The origins of Futurism on display in Padua: a great occasion, amid surprises and some disappointments

Review of the exhibition "Futurism 1910-1915. The Birth of the Avant-Garde," curated by Fabio Benzi, Francesco Leone and Fernando Mazzocca (in Padua, Palazzo Zabarella, from October 1, 2022 to February 26, 2023).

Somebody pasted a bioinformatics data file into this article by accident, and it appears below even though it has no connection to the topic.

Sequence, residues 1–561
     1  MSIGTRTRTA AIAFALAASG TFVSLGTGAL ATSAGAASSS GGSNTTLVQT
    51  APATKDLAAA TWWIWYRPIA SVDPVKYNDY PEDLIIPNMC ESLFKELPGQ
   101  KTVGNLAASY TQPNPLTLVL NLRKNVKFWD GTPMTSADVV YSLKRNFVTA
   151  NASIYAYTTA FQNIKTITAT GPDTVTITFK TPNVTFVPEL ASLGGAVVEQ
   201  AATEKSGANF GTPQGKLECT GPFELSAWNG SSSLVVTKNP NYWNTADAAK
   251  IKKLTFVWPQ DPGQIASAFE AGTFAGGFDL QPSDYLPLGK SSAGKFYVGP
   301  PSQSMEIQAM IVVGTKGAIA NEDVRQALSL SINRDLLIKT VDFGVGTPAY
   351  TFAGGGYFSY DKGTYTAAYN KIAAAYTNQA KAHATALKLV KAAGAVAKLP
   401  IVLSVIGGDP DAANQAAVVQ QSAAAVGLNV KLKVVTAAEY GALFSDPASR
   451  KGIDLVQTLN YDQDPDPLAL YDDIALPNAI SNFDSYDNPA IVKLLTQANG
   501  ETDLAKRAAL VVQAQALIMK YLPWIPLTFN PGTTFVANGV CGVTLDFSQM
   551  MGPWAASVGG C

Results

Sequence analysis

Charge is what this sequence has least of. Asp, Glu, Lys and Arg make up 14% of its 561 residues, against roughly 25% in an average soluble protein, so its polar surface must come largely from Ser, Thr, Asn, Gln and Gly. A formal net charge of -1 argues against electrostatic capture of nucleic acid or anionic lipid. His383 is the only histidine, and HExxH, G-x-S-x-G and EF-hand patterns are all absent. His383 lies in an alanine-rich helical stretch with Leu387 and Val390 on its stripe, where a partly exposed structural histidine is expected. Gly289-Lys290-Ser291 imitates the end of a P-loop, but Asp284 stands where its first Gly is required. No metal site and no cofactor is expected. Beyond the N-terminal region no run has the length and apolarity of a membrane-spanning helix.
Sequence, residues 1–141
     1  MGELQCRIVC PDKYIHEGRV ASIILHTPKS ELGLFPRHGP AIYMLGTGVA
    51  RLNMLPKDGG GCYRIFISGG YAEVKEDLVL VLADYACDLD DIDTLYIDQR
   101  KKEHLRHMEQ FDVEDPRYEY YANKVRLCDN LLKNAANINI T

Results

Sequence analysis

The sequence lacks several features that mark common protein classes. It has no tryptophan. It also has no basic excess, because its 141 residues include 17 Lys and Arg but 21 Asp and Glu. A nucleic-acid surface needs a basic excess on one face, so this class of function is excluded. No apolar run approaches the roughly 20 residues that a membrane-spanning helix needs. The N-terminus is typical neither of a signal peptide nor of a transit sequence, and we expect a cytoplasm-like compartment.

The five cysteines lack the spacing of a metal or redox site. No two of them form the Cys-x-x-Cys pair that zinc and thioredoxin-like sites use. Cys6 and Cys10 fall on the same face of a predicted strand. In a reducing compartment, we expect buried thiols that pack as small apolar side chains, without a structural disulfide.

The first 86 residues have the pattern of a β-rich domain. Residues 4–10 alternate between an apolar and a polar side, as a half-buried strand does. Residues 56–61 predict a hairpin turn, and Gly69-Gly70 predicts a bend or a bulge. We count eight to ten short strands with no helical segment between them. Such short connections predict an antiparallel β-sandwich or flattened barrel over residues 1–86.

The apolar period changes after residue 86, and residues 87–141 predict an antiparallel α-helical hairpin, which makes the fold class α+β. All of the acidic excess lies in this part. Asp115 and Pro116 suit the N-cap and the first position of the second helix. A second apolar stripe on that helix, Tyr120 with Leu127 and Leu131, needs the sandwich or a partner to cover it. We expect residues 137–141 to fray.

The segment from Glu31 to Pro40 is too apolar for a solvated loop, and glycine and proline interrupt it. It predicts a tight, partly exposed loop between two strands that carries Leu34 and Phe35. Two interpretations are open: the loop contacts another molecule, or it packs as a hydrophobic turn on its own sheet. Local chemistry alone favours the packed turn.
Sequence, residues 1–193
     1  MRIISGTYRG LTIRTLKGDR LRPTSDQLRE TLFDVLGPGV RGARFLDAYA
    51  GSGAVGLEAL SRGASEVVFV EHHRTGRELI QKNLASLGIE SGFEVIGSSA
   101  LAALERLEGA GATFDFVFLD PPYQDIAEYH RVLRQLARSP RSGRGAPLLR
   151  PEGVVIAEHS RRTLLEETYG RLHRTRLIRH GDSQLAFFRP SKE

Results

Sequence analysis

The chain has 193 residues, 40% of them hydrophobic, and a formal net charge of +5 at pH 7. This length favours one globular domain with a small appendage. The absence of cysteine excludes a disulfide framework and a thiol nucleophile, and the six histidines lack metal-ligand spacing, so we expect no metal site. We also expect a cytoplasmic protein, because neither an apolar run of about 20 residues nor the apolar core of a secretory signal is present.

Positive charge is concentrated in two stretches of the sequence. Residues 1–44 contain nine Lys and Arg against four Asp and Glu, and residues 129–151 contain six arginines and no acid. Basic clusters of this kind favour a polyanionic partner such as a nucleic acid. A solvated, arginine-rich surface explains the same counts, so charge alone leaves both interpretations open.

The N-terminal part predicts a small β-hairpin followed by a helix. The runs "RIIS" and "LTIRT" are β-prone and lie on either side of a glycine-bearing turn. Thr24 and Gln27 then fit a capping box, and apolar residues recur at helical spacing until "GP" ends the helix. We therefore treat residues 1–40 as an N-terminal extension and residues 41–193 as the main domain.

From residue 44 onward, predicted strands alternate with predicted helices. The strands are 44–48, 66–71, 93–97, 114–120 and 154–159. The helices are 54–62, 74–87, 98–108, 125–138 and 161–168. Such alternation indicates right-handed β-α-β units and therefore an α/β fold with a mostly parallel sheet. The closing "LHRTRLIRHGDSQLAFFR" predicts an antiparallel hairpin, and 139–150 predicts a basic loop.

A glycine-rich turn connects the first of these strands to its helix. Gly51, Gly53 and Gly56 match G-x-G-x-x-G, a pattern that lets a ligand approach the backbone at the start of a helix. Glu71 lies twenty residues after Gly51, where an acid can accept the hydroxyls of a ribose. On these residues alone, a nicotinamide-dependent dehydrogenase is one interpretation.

It opened in Padua on Oct. 1 in the rooms of Palazzo Zabarella, and will remain open until Feb. 26, 2023, Futurism 1910-1915. The Birth of the Avant-Garde, one of the most anticipated and ambitious exhibitions of the season, curated by Fabio Benzi, Francesco Leone and Fernando Mazzocca. An exhibition that, according to the press releases on the eve and what is told in the panels at the entrance to the exhibition, aims to impose itself as “another look, offering a new and original vision and inviting the discovery of an artistic reality that until now has been little, or not at all, revealed.” In fact, according to what the curators state, although there have been multiple reviews dedicated to Futurism over the past forty years, “none has ever focused in critical and exhaustive terms on the cultural and figurative assumptions, the roots, the different souls and the many themes that contributed first to the birth and then to the deflagration and full configuration of this movement that so disruptively characterized the research of Western art in the first half of the twentieth century.” this is what the Padua exhibition aspires to. To this end, the exhibition can count on 121 works, creations by artists such as Umberto Boccioni, Giacomo Balla, Gino Severini, Fortunato Depero, Mario Sironi, Carlo Carrà and many others, linked with few exceptions to thechronological span 1910-1915, some of them rarely exhibited, from galleries, museums and international collections, for a total of more than 45 different lenders.